Facebook and Smoothing Data

November 26, 2021

I like this headline: “The Thousands of Vulnerable People Harmed by Facebook and Instagram Are Lost in Meta’s Average User Data.” Here’s a passage I noticed:

consider a world in which Instagram has a rich-get-richer and poor-get-poorer effect on the well-being of users. A majority, those already doing well to begin with, find Instagram provides social affirmation and helps them stay connected to friends. A minority, those who are struggling with depression and loneliness, see these posts and wind up feeling worse. If you average them together in a study, you might not see much of a change over time.

The write up points out:

The tendency to ignore harm on the margins isn’t unique to mental health or even the consequences of social media. Allowing the bulk of experience to obscure the fate of smaller groups is a common mistake, and I’d argue that these are often the people society should be most concerned about. It can also be a pernicious tactic. Tobacco companies and scientists alike once argued that premature death among some smokers was not a serious concern because most people who have smoked a cigarette do not die of lung cancer.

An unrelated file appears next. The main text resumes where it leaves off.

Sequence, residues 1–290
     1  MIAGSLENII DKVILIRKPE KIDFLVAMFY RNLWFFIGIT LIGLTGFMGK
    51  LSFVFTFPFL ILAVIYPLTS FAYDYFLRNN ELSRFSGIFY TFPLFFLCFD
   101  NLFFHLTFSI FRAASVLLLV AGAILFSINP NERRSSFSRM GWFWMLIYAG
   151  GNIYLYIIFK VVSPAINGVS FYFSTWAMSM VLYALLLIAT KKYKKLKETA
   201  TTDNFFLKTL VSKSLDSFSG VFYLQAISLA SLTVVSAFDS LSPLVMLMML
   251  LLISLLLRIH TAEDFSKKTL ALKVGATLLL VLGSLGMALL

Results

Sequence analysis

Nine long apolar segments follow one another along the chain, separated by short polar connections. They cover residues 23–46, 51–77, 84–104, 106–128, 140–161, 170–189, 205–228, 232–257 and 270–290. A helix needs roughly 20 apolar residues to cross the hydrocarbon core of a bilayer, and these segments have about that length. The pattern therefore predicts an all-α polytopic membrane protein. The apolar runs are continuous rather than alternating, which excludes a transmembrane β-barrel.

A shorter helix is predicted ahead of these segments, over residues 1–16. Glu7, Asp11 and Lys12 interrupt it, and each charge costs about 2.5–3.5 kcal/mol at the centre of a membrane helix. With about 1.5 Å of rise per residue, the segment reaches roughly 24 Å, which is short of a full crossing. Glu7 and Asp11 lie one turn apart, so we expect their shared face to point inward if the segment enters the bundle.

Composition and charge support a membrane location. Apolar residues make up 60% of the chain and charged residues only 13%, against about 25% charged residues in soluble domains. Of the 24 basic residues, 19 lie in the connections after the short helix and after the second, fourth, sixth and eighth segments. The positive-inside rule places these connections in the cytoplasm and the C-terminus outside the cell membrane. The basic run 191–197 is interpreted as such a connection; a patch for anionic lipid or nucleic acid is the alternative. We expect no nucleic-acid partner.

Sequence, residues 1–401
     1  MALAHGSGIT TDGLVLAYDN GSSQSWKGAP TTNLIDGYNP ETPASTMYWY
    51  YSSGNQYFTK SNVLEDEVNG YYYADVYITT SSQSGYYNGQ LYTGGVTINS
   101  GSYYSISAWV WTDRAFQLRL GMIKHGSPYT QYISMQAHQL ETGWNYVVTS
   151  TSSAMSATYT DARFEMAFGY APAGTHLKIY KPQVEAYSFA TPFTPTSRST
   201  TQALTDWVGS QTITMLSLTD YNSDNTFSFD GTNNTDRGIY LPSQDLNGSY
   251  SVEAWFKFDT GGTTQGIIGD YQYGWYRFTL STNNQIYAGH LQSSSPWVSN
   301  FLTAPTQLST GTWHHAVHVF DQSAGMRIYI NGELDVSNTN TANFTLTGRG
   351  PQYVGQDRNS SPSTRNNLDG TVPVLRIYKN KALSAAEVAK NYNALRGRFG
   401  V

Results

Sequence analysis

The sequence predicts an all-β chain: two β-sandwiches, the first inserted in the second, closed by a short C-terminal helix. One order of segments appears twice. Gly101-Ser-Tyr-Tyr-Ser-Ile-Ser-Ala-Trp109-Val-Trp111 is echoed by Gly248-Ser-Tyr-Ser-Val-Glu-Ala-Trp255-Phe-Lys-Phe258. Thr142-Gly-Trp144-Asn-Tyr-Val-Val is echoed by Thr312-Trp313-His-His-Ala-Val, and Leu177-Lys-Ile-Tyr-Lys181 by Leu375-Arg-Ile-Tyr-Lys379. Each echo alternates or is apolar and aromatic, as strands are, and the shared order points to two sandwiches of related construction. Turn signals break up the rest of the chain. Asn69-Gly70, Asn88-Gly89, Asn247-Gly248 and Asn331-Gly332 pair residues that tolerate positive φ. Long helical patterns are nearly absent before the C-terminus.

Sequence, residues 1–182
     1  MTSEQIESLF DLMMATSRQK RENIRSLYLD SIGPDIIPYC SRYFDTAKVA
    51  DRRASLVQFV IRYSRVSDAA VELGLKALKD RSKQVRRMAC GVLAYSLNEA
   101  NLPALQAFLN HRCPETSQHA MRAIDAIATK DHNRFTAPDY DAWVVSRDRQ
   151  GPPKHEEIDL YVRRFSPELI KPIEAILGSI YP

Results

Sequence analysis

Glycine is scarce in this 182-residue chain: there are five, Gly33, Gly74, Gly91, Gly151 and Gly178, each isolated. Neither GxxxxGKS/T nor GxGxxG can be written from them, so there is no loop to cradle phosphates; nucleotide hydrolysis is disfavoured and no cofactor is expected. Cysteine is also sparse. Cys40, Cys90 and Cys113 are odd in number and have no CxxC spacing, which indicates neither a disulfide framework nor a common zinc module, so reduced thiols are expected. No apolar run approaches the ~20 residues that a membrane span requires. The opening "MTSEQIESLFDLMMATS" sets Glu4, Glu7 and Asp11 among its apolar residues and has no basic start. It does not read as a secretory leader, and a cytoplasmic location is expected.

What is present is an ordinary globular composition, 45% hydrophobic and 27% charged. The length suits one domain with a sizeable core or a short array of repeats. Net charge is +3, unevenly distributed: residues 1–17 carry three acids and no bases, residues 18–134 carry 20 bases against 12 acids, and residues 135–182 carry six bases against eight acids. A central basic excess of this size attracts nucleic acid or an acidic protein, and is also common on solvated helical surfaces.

I like the word “pernicious.” But the keeper is “cancer.” The idea is, it seems to me, that Facebook – sorry, meta — is “cancer.” Cancer is A term for diseases in which abnormal cells divide without control and can invade nearby tissues. Cancer evokes a particularly sonorous word too: Malignancy. Indeed the bound phrase when applied to one’s great aunt is particularly memorable; for example, Auntie has a malignant tumor.

Is Facebook — sorry, Meta — is smoothing numbers the way the local baker applies icing to a so-so cake laced with a trendy substances like cannabutter and cannaoil? My hunch is that dumping outliers, curve fitting, and subsetting data are handy little tools.

What’s the harm?

Stephen E Arnold, November 26, 2021

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